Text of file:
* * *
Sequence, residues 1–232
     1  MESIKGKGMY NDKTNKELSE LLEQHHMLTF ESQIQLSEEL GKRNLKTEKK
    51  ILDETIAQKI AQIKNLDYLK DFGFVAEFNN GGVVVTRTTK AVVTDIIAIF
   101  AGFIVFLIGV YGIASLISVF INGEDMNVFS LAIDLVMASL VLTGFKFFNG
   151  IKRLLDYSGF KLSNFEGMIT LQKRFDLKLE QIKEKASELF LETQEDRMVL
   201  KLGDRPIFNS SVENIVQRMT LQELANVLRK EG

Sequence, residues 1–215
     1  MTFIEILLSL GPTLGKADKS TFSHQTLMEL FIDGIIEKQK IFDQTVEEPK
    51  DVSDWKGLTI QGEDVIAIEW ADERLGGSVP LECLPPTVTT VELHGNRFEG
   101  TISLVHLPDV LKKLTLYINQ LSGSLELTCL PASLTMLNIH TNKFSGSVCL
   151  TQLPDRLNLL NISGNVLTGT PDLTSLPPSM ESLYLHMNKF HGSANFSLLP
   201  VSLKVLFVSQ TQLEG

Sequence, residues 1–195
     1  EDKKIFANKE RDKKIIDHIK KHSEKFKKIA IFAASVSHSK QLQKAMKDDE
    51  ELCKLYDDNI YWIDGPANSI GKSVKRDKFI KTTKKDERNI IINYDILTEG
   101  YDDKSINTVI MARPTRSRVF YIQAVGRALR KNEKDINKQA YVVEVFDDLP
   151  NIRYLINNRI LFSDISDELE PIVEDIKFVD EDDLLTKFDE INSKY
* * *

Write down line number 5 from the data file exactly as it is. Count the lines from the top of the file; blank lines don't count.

   151  IKRLLDYSGF KLSNFEGMIT LQKRFDLKLE QIKEKASELF LETQEDRMVL